Iraq's Maliki Government On Life Support? genre: Just Jihad & Polispeak & Six Degrees of Speculation

Nouri al-Maliki

While many observers are debating the effectiveness of the latest troop surge in Iraq, an even more disturbing issue may be developing…one that could lead to the complete unraveling of what is already a relatively dysfunctional government. Conflict is nothing new to the fledgling government, but current events could be the final impetus in toppling the already weakened Maliki led coalition.

BAGHDAD - Iraq is in the throes of its worst political crisis since the fall of Saddam Hussein with the new democratic system, based on national consensus among its ethnic and sectarian groups, appearing dangerously close to collapsing, say several politicians and analysts.

This has brought paralysis to governmental institutions and has left parliament unable to make headway on 18 benchmarks Washington is using to measure progress in Iraq, including legislation on oil revenue sharing and reforming security forces.

On Wednesday, the Iraqi Accordance Front said it pulled out of Mr. Maliki's coalition government, but would return its six cabinet members if the prime minister met a list of demands. The Sunni bloc says it wants, among other things, pardons for detainees not facing specific criminal charges and for all militias to be disbanded.

If they pull out, it would bring to 12 the number of vacancies in Maliki's 39-member cabinet.

Simple math tells us that if nearly a full third of the government is on the verge of withdrawal, the Maliki government is perilously close to failure. Numerous critics of the war, including many within the Democratic Party and a few Republican defectors, have been arguing that the situation in Iraq cannot be solved militarily and that it must be addressed primarily through political diplomacy and reconciliation.

However, the truth of the matter is that the Bush administration continues to sell the continuing U.S. occupation, as well as the recent troop surge, on the grounds that Iraq has become the central front in the war on terror. Unfortunately, that argument continues to ignore the fundamental issue that will ultimately need to be resolved in order to establish an Iraqi national identity...sectarian differences.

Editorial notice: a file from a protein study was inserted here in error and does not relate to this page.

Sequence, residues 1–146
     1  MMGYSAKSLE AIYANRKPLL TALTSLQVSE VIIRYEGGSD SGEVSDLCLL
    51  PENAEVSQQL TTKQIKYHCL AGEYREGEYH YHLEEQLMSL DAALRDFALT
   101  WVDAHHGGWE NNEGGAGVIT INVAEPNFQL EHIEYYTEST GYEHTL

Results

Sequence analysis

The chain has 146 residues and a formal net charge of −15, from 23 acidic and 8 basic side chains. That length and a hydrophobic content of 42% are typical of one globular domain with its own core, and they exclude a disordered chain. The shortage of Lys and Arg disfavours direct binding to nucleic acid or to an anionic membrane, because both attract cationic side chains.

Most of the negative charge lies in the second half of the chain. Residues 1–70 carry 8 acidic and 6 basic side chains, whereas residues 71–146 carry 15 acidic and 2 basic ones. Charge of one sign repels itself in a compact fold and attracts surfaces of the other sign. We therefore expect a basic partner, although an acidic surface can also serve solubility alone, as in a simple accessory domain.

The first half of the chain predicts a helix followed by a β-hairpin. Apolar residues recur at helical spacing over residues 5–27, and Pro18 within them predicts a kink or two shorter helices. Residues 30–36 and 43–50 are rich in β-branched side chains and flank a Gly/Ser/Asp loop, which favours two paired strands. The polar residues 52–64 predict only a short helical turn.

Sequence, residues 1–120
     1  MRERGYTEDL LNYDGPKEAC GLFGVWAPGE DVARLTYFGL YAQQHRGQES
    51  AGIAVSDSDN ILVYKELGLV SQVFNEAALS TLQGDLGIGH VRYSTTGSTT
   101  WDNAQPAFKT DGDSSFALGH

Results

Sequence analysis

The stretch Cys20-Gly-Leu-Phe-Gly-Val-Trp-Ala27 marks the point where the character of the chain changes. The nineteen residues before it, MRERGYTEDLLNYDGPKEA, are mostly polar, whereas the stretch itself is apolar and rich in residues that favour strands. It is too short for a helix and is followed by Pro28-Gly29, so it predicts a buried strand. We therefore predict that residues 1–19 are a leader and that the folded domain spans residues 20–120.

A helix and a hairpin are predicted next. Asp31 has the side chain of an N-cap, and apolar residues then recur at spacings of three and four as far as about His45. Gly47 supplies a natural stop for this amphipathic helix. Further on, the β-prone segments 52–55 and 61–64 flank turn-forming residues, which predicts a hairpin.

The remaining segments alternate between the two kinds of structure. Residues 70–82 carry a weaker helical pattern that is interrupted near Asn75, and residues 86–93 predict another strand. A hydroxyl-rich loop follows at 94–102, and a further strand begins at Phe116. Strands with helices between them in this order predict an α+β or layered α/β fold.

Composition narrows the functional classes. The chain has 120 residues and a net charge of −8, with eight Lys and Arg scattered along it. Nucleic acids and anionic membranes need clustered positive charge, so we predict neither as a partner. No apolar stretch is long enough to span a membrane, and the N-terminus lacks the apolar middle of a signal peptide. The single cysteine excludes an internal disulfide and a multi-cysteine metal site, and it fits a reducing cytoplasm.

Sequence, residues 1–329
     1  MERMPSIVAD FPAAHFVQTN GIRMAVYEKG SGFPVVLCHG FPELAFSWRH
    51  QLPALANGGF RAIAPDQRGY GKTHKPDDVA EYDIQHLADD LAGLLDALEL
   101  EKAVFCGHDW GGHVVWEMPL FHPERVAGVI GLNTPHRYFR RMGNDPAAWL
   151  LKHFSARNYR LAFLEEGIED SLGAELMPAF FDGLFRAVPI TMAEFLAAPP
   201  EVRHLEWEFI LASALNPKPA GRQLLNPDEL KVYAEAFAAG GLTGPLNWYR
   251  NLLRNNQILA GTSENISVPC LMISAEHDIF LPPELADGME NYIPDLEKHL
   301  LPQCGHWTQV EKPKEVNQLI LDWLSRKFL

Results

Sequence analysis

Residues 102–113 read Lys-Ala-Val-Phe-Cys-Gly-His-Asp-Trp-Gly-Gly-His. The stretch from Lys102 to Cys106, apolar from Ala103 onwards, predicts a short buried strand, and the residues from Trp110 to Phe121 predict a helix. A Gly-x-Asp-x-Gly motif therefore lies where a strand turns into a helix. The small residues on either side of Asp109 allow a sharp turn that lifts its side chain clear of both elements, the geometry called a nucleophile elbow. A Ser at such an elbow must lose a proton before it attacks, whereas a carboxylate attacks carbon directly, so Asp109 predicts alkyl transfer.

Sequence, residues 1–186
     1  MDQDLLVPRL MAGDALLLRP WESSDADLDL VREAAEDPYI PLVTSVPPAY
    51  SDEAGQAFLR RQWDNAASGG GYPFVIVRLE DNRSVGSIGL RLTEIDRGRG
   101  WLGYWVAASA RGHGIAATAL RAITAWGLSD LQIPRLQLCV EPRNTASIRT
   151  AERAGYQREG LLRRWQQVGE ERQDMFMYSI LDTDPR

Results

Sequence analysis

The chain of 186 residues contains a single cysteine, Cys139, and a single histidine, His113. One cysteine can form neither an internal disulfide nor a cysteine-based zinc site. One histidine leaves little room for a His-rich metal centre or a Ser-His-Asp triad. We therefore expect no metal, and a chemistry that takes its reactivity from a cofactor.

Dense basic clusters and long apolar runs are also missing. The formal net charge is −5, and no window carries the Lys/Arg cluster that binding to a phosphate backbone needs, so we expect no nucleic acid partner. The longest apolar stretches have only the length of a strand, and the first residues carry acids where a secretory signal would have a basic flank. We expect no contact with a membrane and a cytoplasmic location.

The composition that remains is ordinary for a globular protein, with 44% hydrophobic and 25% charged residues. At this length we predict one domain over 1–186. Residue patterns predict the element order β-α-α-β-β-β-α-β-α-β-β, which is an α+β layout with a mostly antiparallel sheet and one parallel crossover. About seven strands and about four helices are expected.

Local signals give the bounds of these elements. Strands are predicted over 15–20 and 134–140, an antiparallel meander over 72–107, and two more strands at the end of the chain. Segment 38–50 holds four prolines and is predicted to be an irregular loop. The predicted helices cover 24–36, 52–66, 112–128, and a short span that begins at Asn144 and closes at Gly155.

The apparent shortsightedness of the President is either a grave flaw or he has elected to string the American public along with a military rationale knowing full well that the task at hand is much larger and will require many more years of U.S. involvement and oversight…a position he likely realizes would not be palatable to an already reluctant citizenry. Either way, the goal of a democratic Iraq is more likely a function of fiction than a calculation of fact.

And since Saturday, US Ambassador Ryan Crocker has been shuttling between Iraq's top leaders, but an embassy spokesperson said this was not necessarily indicative of a crisis.

"The surge has done well in making a difference in security conditions. But it isn't a light switch for reconciliation; there are no quick fixes to years of bitterness and violence," he said.

Robert Springborg, director of the Middle East Institute at the University of London, says the heart of the problem was that no one is truly committed to a strong and unified government.

"The actors involved have their own agendas, the central government and its resources are a tool for their own aspirations ... none are committed to a government for all Iraqis," he says.

Pointing to the growing disconnect between Washington and Baghdad, Askari, Maliki's adviser, says, "Washington believes that passing the oil law will impact on reconciliation and the security situation. We beg to differ. This matters little to the armed groups that kill Iraqis every day. Their sole agenda is to reverse what we have achieved so far."

Despite my intense criticism of the Bush administration, I do realize that the United States faces a difficult predicament now that we have toppled the Hussein regime. Nonetheless, the initial miscalculations, coupled with a seemingly persistent and unyielding stubbornness, have simply served to compound the ongoing dilemmas we have faced and will therefore continue to face.

When that basic reality is added to the intransigent and arrogant nature of the neocon mindset…a mindset that has been allowed to influence each decision…it is difficult to predict the point at which an honest evaluation can be completed…let alone when such an evaluation can be used as the backdrop for real discussions and meaningful solutions.

Whether the Bush administration will ever acquiesce to such an approach remains the critical factor. All signs suggest that moment remains a very distant and doubtful dream. In the meantime, the American public will no doubt have to endure more of the Bush administration’s ongoing nightmare…an American administration in denial and a dysfunctional and divided Iraq.

Tagged as: George Bush, Iraq, Neocon, Nouri al-Maliki, Sectarian, Shiite, Sunni

Daniel DiRito | July 27, 2007 | 3:32 PM
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